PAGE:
The global HIV pandemic cannot be controlled by cheap drugs alone, the charity Christian Aid warns.
Africa has been hit hard by HIV
It says a multi-pronged approach is needed, tackling poverty as well as providing antiretroviral (ARV) drugs in the worst hit areas.
A report due later on Tuesday from UNAIDS will highlight the ever-growing problem of HIV around the world.
It is expected to present data showing how more women and young girls are affected than ever before.
Christian Aid is concerned there are contradictory and confusing messages regarding the HIV pandemic.
One is that the situation is so far gone in some parts of the world as to be hopeless.
Another is that the introduction of ARVs alone will be enough to control HIV.
Dr Rachel Baggaley, head of Christian Aid's HIV unit, said: "Both these ideas are misleading.
"In certain areas we have seen significant progress.
"The introduction of cheaper antiretrovirals is a positive move, but we must realise that it is not the sole answer to this crisis."
Christian Aid supports the initiative of the World Health Organization to get three million people on ARVs by 2005, the '3 by 5 target', but it is concerned resources could be diverted away from prevention to treatment.
Dr Baggaley said: "Poverty is one of the key drivers of this epidemic. Unless we tackle issues of trade, debt and the lack of trained health care workers, we cannot begin to win the battle.
"Providing drugs without taking account of these issues will not work in the long term."
Christian Aid believes that wealthier countries should cancel the debts owed by poorer nations.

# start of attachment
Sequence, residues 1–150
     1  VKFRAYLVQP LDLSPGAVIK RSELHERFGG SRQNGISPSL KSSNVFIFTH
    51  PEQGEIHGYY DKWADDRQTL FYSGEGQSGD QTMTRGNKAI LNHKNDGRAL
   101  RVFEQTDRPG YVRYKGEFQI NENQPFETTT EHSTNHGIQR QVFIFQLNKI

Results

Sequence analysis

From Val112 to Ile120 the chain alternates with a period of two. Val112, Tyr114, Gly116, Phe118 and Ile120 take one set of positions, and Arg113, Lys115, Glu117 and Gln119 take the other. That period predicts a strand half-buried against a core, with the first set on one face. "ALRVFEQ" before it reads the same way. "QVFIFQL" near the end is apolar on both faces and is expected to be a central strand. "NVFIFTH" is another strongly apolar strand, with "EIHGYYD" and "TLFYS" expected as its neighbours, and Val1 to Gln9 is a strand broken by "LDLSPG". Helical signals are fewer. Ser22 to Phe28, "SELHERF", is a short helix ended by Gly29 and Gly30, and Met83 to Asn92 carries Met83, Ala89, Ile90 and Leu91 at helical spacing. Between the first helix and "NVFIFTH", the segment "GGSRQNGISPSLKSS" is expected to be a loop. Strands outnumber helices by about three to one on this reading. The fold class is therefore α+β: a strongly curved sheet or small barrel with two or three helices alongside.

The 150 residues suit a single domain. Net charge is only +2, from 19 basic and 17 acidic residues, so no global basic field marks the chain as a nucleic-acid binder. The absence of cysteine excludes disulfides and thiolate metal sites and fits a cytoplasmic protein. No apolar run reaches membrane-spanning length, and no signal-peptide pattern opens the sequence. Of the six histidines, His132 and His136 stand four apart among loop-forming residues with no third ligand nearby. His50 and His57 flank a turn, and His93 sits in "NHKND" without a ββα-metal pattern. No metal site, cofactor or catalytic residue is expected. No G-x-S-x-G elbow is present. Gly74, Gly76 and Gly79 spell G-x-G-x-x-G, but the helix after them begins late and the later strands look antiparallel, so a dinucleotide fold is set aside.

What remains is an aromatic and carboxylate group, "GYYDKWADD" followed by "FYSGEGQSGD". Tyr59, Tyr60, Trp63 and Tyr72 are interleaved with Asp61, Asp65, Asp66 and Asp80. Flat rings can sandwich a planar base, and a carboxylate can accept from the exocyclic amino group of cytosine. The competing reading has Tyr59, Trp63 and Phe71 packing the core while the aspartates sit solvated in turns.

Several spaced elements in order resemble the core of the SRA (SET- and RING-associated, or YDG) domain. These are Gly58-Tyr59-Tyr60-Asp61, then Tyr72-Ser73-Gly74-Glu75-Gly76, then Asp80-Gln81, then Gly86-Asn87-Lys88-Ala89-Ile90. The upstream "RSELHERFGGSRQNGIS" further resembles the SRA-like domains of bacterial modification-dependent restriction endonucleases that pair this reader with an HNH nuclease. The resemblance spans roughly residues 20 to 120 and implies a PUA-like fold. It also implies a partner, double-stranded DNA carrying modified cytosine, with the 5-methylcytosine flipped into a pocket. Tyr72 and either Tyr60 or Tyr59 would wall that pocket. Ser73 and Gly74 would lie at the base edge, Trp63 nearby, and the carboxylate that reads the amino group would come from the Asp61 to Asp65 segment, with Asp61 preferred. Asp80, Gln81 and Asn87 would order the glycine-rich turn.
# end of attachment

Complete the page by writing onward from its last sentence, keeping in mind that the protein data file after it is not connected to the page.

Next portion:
Zambia, for example, has one million HIV-positive people but spends 30% more on servicing its debts than on health.
Kenya spends US $0.76 per capita on HIV/Aids compared with US $12.92 per capita on debt repayments.
Ties Boerma from WHO said: "They flag a number of issues which we also think are important.
"The reduction of poverty is very crucial. The other issue is the lack of trained health workers. We are working hard on launching an initiative on training health workers, particularly in sub-Saharan Africa.
"Currently there are 600,000-700,000. We need at least a million more in the next five years or so."
He did not think the WHO 3 by 5 target was diverting attention and funding away from other HIV strategies.
"By setting our goal high we draw attention to the other inequalities," he said.
A spokesman from the UK Department for International Development said it supported debt relief as a means of reducing poverty and HIV burden in the poorest countries.
"We are paying our share - approximately 10% - of the debt service costs to the World Bank and the African Development Bank for eligible countries, many of which are amongst the hardest hit by HIV and AIDS."